I have hired a lot of freelancers in the last 10 years and the one thing that never ceases to amaze me is the number of “Web Developers & Coders” who don’t use some form of software version control.
The Freelance world is rife with this, given they are primarily sole operators working for sole founders or small businesses with no idea about version control most of them don’t bother.
Why Implement Version Control?
Without a version control system what happens is that two developers will be working on File A and Developer 1 saves their version and then Developer 2 saves theirs overwriting the changes made by Developer 1.
Developer 1 then uploads this code to the live server but didn’t realise Developer 2 has a whole bunch of errors in their code and doesn’t have the changes Developer 1 was trying to implement.
Happens every time there is more than one developer in the project and the code base degrades into anarchy, no one knows what code is ready for deployment and what is buggy.
You can imagine the chaos, add to this that they are probably saving to either a local server drive or FTPing the files to a remote server drive and its just a complete shitfight in a short period of time.
One of the more popular version control systems is called Git.
Git is an open-source version control system that was created by Linus Torvalds the creator of Linux as a means to keep track of their code. It is similar to other version control systems – Subversion, CVS, and Mercurial to name a few.
Git is different to Github. Git is the version control system, Github is a commercial hosting service that allows you to host your code using Git (plus a whole bunch of other features).
Git allows you to track changes you make to your software and store versions of the changes in both local and central repositories.
This allows you to keep a separate version for every change you make (bug fixes, features etc) so that you can track them individually and at a later date roll back or find where errors have been introduced.
It’s important to do this when you are working on your own but the big payoffs come when you have more than one developer working on your code.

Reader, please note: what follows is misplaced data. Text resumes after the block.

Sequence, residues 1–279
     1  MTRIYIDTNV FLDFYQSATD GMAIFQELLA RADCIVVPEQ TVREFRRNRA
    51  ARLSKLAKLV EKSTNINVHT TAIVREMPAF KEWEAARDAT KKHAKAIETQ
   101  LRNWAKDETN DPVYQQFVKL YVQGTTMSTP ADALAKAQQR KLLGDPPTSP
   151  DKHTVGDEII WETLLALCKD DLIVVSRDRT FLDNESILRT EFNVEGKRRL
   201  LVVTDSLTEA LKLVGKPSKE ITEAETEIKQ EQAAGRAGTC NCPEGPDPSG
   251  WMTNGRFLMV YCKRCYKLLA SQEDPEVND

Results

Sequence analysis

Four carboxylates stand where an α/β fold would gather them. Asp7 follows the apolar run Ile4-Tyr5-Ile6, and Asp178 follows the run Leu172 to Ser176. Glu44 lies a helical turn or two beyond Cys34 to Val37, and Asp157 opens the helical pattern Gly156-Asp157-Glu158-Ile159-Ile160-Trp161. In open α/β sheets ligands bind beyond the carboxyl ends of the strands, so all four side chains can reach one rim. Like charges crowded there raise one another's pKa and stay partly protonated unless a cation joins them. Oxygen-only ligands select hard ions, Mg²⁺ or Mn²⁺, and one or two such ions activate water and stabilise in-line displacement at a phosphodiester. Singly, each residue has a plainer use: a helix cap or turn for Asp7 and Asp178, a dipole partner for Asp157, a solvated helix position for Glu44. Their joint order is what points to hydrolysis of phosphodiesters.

Git provides a number of methods to manage two or more programmers making changes to the same code and then allows the system to merge these changes together so that they don’t overwrite each others work.
It allows someone to work on a separate “Branch” of the code without the risk of overwriting or introducing errors into an existing working live Master version.
So while you are still a one person startup, you have to get a development tempo/flow going. Regular commits act as milestones in your development process.
It is especially beneficial when your programmers are working remotely, daily or regular commits are a good way of ensuring they are delivering.
You might decide to implement continuous integration (where each code commit is tested automatically and then uploaded to the live server) or in two week sprints (where you aim to ship a set of features all at once and upload this to the server when you have tested the release) but you absolutely should establish a development flow before you bring in another team member.
It’s essential to get your new developers into your flow from day one, no flow means they will just do whatever they are used to and thats probably not good for you.
- Ability to keep a tight version control over your code changes
- Allows you to roll back your screwups
- Each change or “Commit” has a message field for including the details of the changes which is great to ensure you remember what you did (make sure you coders put detailed messages in)
- Each Commit and the file changes can be browsed and changes are color coded, green for additions and red for deletions.
- Allows multiple team members to Branch code so you can make changes without overwriting the master
- Provides a number of methods to integrate those change branches back into the master code without overwriting anyones changes.
- Centralised highly available code storage for your team
- Free for Open Source or public repositories
- Small charge for private Developers
- Issue & Bug Tracking integrated alongside the code storage and revisions
- Ability to Fork Code (make a copy) from public repositories so that you can use open source code for your own projects.
- Users can comment on or review each others changes and issues
- Ability for you to review Freelancers work prior to implementing their code
- Allows you to make sure that Freelancers are making the progress they claim
- Allows you to make sure you are getting what you want.
There is a lot of work to get this running but its less work to get it working when there is only one or two developers than it is to try to implement after you have a team in place.